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The Water Project: Bumbo Primary School -  Boys Lined Up At Their Latrines
The Water Project: Bumbo Primary School -  Available Latrines
The Water Project: Bumbo Primary School -  School Kitchen
The Water Project: Bumbo Primary School -  School Cook Storing Water In Kitchen
The Water Project: Bumbo Primary School -  Students With Their Jerrycans
The Water Project: Bumbo Primary School -  Returning To School From Lunch
The Water Project: Bumbo Primary School -  Students Rushing Back To School With Water
The Water Project: Bumbo Primary School -  Students Returning From Lunch
The Water Project: Bumbo Primary School -  Some Students Heading Out To Lunch Break
The Water Project: Bumbo Primary School -  School Administration
The Water Project: Bumbo Primary School -  Students In Class
The Water Project: Bumbo Primary School -  Students Outside Classroom
The Water Project: Bumbo Primary School -  Students
The Water Project: Bumbo Primary School -  Assembly Grounds

Project Status



Project Type:  Rainwater Catchment

Regional Program: Western Kenya WaSH Program

Project Phase:  Donate to this Project
Estimated Install Date (?):  01/31/2020

Project Features


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There is no water at Bumbo Primary School. Students are forced to think ahead and pack enough water to get through each school day. These 580 students come to school each morning balancing books and a container of water.

This water isn’t enough to get through the afternoon, so students are reminded to bring back more water as they return from lunch break at home. In fact, it was raining when we first arrived at the school, and pupils were being rained on as they ran back to school with their jerrycans full of water.

The school started way back in 1953 but it has grown extremely slowly because of the poor conditions. There are currently 520 students enrolled.

Students feel tired in class because of their long walk to school with water, and they’re no strangers to waterborne diseases. They fetch water from various sources, some of which are dirty and dangerous for drinking.

“Water is life and since we don’t have clean, safe drinking water pupils are affected with waterborne diseases every now and then,” said Teacher Mmbone.

The sanitation conditions are very poor. Since the school has no water, cleaning cannot take place the way it should. There are no handwashing facilities nearby which mean the pupils do not wash their hands after visiting the latrines, either.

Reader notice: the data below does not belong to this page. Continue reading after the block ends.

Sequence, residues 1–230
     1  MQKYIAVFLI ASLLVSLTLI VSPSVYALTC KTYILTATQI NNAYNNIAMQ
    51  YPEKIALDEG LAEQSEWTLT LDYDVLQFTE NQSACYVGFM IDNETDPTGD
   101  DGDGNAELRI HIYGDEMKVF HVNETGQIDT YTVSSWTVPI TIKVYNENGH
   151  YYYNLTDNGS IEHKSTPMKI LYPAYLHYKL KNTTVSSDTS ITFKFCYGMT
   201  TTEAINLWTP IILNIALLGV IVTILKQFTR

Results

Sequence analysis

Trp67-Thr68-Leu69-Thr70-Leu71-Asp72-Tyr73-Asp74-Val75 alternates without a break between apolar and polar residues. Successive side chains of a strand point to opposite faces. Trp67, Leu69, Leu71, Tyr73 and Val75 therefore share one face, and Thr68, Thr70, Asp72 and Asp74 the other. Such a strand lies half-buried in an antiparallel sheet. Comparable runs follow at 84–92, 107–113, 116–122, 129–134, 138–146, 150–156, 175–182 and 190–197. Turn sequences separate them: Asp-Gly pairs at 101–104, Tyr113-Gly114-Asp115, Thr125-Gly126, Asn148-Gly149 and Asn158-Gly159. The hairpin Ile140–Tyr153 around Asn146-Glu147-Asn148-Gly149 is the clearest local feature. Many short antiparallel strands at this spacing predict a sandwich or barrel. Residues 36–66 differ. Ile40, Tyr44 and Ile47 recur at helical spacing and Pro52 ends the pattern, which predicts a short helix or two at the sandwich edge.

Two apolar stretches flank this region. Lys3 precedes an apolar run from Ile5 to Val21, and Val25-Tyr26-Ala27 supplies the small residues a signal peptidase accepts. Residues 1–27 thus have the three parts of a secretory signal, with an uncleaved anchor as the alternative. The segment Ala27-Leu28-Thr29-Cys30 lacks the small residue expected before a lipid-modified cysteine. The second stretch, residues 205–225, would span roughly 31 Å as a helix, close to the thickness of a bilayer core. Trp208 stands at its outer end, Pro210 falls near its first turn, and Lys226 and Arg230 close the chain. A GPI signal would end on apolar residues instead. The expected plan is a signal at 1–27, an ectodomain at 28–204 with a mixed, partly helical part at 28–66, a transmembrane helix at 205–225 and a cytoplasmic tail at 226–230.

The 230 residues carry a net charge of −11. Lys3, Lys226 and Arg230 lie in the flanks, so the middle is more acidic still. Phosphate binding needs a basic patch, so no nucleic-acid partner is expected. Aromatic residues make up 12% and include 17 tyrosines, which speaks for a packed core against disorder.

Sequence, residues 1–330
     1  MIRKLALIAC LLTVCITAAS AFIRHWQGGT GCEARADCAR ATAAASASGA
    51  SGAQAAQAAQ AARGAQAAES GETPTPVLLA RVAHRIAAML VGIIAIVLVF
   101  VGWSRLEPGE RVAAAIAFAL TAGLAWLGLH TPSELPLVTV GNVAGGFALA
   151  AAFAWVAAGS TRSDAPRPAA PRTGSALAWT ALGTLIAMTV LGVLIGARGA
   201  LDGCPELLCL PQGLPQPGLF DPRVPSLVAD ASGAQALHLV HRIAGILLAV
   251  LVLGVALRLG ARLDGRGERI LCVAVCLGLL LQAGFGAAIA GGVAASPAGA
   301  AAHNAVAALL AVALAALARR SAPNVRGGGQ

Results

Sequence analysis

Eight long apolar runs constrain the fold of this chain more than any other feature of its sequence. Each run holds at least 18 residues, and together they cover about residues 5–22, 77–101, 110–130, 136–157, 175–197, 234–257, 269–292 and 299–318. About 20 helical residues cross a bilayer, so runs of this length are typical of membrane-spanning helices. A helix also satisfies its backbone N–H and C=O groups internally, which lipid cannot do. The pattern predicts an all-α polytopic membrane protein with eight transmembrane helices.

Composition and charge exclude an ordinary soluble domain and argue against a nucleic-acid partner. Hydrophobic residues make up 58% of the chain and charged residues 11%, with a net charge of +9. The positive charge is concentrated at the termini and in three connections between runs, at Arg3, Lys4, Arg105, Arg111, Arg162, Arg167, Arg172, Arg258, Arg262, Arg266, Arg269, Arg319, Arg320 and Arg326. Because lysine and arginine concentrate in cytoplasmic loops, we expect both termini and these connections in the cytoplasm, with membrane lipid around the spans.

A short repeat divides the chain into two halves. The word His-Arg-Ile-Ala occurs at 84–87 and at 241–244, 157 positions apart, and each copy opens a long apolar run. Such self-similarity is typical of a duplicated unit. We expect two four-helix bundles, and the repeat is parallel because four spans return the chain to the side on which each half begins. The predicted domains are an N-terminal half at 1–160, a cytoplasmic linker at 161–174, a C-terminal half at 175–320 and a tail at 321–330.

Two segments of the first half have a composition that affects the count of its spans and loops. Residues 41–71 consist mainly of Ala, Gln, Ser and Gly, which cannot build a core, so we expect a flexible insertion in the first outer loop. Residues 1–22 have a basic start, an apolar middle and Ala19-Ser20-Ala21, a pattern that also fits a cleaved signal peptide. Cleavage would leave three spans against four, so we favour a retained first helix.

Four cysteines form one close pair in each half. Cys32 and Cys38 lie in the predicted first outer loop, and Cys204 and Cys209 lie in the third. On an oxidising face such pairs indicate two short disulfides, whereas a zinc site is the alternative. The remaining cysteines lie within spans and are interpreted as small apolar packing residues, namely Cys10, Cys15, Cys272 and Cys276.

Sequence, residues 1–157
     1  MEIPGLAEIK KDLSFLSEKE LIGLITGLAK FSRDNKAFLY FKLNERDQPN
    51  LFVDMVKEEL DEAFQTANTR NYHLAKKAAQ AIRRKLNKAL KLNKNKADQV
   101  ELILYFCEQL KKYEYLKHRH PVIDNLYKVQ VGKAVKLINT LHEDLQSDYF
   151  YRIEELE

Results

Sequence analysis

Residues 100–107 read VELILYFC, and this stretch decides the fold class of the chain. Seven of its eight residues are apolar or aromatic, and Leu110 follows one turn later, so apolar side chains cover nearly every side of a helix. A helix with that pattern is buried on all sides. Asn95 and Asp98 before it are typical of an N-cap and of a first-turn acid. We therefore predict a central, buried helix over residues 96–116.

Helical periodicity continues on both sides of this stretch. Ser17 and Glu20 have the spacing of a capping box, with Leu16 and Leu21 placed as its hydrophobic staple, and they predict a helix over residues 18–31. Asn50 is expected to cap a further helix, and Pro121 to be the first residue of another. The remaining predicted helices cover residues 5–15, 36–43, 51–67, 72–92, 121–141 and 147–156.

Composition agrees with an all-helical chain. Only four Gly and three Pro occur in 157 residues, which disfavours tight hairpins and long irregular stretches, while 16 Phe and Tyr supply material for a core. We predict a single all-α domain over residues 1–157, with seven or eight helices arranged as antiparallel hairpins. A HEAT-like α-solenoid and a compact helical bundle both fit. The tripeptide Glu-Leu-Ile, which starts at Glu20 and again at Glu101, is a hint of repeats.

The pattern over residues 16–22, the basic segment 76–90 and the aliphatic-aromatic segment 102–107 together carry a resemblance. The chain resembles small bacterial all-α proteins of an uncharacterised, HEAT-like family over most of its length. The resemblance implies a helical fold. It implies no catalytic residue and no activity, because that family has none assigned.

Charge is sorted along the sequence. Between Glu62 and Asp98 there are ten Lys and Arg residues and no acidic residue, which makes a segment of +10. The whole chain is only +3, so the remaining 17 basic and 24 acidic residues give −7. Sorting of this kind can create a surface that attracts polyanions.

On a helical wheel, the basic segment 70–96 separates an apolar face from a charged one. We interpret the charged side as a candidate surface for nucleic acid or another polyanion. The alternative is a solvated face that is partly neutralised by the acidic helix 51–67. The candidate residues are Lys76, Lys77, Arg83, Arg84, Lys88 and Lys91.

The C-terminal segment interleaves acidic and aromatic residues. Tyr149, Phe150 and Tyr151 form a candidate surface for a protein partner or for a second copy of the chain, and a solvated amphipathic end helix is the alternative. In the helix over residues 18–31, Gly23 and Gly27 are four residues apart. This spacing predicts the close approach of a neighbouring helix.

The school lunch program is for high school candidates who are in class eight. The parents provide rice, beans, and firewood. The feeding program has a big challenge because there is not sufficient water for cooking because it is often used first for drinking and cleaning.

What we can do:

Training

Training on good hygiene habits will be held for two days. The facilitator will use PHAST (participatory hygiene and sanitation transformation), ABCD (asset-based community development), CTC (child to child), lectures, group discussions, and handouts to teach health topics and ways to promote good practices within the school. The CTC method will prepare students to lead other students into healthy habits, as well as kickstart a CTC club for the school.

Handwashing Stations

This CTC club will oversee the new facilities, such as handwashing stations, and make sure they are kept clean and in working condition. The two handwashing stations will be delivered to the school, and the club will fill them with water on a daily basis and make sure there is always a cleaning agent such as soap or ash.

VIP Latrines

There are only 12 latrines on school grounds, which means there are 48 students to one latrine.

Two triple-door latrines will be constructed with local materials that the school will help gather. Three doors will serve the girls while the other three serve the boys. And with a new source of water on school grounds, students and staff should have enough to keep these new latrines clean.

Rainwater Catchment Tank

A 50,000-liter rainwater catchment tank will help alleviate the water crisis at this school. The school will also help gather the needed materials such as sand, rocks, and water from the spring for mixing cement. Once finished, this tank can begin catching rainfall that will be used by the school’s students and staff.

We and the school strongly believe that with this assistance, standards will significantly improve. These higher standards will translate to better academic performance!

We're just getting started, check back soon!


Project Photos


Project Type

Rainwater Catchment

Rainwater is collected off strategic areas of a roof, enters a custom guttering system (which filters out debris) and leads to a storage tank. Tanks can vary in sizes and are determined by population and average rainfall patterns. Water can be stored for months, is easily treated in the tank, and is accessible through taps. These projects are implemented at schools with proper roof lines and gutter systems to make them successful.


Contributors